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Glassdoor came out with its latest annual list, this time regaling us with the highest rated CEO’s. Bain & Company’s Bob Becheck tops the list with a 99% approval rating. Employees seemed to appreciate the support they receive from their boss, not to mention the company’s focus on professional development. And who doesn’t mind professional encouragement? But while Becheck scored the number one spot, two other CEO’s also received 99% approval ratings. So congrats to Ultimate Software’s Scott Scherr and McKinsey and Company’s Dominic Barton. Facebook’s Mark Zuckerberg kept his number 4 ranking from last year, while LinkedIn’s Jeff Weiner took fifth. Larry Page’s replacement at Google, Sundar Pichai, earned a 96% approval rating and the number seven spot, while Apple’s Tim Cook came in 8th, also with a 96% approval rating. Four women paved the way on this list, including Staffmark’s Lesa J. Francis, who took the 28th spot with a 94% approve rating, and Enterprise Holdings’ Pamela M. Nicholson, who graces the list at the number 31 spot, also with a 94% approval rating.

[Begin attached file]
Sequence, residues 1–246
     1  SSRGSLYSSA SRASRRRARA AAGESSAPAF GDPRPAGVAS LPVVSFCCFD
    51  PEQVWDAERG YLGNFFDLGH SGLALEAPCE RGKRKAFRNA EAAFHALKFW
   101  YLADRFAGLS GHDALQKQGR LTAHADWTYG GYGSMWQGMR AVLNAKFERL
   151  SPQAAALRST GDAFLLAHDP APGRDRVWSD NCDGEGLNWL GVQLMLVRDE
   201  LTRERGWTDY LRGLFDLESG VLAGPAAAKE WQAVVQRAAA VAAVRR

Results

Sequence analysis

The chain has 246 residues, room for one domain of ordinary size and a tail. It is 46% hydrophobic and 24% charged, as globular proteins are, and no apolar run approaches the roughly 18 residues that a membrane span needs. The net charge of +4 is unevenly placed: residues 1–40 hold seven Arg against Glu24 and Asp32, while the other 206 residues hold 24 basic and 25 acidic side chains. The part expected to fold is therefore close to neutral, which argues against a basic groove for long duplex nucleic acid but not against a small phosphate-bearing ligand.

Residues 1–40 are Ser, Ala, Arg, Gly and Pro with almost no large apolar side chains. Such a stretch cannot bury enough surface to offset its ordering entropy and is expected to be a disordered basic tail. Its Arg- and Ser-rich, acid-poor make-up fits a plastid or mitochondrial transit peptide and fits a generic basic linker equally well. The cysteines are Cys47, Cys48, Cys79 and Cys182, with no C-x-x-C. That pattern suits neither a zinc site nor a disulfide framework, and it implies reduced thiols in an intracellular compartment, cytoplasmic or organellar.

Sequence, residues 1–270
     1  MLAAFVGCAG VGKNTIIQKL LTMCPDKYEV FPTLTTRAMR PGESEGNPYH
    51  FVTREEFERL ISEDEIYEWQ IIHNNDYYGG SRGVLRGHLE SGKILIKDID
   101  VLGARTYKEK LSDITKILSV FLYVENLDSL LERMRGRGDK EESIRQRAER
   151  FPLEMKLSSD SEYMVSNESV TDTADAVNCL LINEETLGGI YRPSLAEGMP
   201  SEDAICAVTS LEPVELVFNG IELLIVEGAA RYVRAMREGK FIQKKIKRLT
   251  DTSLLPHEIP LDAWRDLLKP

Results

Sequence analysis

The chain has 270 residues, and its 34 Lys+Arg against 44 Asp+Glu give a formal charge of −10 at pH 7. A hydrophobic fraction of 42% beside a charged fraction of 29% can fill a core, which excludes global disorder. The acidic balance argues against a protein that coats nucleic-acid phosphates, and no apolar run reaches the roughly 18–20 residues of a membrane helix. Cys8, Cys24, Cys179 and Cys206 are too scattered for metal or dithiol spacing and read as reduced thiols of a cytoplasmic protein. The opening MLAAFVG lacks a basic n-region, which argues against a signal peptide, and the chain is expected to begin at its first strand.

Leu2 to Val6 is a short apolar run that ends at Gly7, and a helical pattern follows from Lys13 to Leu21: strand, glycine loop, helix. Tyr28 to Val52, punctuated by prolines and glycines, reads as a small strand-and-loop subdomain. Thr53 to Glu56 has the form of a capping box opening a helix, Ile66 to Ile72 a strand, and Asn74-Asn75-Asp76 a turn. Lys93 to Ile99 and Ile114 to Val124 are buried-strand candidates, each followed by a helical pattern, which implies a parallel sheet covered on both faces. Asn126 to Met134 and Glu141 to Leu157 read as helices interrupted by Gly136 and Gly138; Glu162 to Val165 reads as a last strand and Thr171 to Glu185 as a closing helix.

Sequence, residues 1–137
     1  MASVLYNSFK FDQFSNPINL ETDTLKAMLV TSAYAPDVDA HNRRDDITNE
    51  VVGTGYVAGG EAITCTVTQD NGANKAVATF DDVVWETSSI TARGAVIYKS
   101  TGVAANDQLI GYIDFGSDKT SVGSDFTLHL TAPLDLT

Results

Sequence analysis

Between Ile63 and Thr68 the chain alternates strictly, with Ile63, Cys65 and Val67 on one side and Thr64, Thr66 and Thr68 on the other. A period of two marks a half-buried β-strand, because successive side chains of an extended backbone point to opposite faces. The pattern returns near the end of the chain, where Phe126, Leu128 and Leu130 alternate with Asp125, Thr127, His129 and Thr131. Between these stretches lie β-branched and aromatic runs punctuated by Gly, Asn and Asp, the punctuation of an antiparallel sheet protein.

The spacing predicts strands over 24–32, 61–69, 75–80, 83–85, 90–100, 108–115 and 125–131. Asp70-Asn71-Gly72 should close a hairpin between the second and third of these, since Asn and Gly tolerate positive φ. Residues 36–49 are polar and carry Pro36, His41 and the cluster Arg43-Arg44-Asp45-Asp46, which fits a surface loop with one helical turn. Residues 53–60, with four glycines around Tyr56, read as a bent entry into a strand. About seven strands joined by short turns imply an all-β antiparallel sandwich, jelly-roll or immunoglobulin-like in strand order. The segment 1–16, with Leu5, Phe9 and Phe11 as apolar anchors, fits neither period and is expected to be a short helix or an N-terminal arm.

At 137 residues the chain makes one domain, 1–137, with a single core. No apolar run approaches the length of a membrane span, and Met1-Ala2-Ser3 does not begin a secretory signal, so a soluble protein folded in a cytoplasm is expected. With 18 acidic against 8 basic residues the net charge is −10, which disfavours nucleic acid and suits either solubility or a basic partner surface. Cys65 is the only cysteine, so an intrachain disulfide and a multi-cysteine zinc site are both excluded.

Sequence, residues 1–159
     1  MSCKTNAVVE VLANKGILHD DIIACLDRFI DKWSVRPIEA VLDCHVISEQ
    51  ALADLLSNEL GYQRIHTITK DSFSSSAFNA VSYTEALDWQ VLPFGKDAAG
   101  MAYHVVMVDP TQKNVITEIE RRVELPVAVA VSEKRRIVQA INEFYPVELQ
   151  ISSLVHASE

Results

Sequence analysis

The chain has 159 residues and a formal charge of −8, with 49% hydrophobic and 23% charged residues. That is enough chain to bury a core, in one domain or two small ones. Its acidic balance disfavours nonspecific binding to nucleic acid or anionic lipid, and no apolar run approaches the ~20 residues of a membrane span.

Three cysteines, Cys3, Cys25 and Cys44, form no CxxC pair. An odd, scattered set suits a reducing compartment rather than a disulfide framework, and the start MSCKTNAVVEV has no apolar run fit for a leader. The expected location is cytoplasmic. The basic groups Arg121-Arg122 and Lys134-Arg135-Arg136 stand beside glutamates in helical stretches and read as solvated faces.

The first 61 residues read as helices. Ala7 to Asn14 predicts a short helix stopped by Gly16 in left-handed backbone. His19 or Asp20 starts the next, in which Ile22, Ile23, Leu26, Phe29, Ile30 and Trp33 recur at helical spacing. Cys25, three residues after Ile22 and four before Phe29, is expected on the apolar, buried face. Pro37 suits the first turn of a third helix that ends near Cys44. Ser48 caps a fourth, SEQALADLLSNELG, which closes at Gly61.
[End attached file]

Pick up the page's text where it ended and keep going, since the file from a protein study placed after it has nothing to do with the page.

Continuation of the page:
Flipkart-ing Out, United Parcel Slip and You Debt-or Believe It

Prime Flipkart…

Image courtesy of Stuart Miles/

Image courtesy of Stuart Miles/

How do you say Amazon in India? Have you tried Flipkart? You could still say Amazon as it’s over there too and is major competition to Flipkart but that’s not why we’re here. In any case, India’s numero uno e-commerce site just raised a whopping $1 billion. Rumor has it, though, that the company’s value is probably closer to $7 billion. Several shrewd and presumably prescient investors have already raised their stakes in the company including Russian billionaire Yuri Milner’s DST Global. The company boasts 22 million registered users and sees 4 million visitors a day. Flipkart is currently developing its mobile-based business, which is probably very wise as India’s e-commerce market is expected to grow sevenfold by 2018.